The Northern Star, our local rag, last week screamed the headline: ‘Holy bat-astrophe!’. Call me humourless, but I don’t think the deaths of possibly 5000 endangered flying foxes particularly funny.
How about all those children dying of ebola? Are they likely to get a headline, ‘Holy kid-astrophe!’. I don’t think so.
The poor flying foxes can’t cope with temps that are up to 44 degrees C (111 degrees F), recorded at Casino, about 30 km from me. They drop from the trees dead with their babies still clinging to them. The lack of rain in the past couple of months hasn’t helped either.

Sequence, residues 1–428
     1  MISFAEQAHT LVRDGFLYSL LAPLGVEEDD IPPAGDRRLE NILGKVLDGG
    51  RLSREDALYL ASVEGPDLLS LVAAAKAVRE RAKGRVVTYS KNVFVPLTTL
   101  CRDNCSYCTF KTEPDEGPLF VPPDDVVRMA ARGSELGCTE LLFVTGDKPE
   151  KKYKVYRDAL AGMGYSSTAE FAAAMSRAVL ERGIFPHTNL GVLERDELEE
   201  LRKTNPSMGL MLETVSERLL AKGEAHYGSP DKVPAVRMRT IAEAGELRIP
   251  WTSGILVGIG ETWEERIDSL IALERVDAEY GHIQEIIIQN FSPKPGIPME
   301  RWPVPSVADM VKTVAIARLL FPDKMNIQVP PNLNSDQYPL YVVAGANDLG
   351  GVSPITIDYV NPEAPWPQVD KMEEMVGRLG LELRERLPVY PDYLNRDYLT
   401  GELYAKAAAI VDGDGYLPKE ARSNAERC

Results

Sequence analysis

Wildlife carers have done a mighty job taking as many orphans into care as possible. There’s no guarantee these will survive, but we gotta try. For a change, it’s a natural disaster, not one brought on by the ignorance and fear of humans.
These babies are being cared for in a wildlife hospital …
Blokeschool took the opportunity for educating the kids about these bats. I’m impressed with the skeleton reconstruction.
Usually, I go to sleep with the sounds of several of these bats flapping or squealing around the house at night. They seem to love the mulberries and guava fruits. But, alas, there have been no such sounds at all this week. I fear the worst for ‘my’ bats.
But wait, what’s that sound? Ah … it’s rain. At least that’s something. There’s hope that, in time, other flying foxes will discover the fruits of my garden.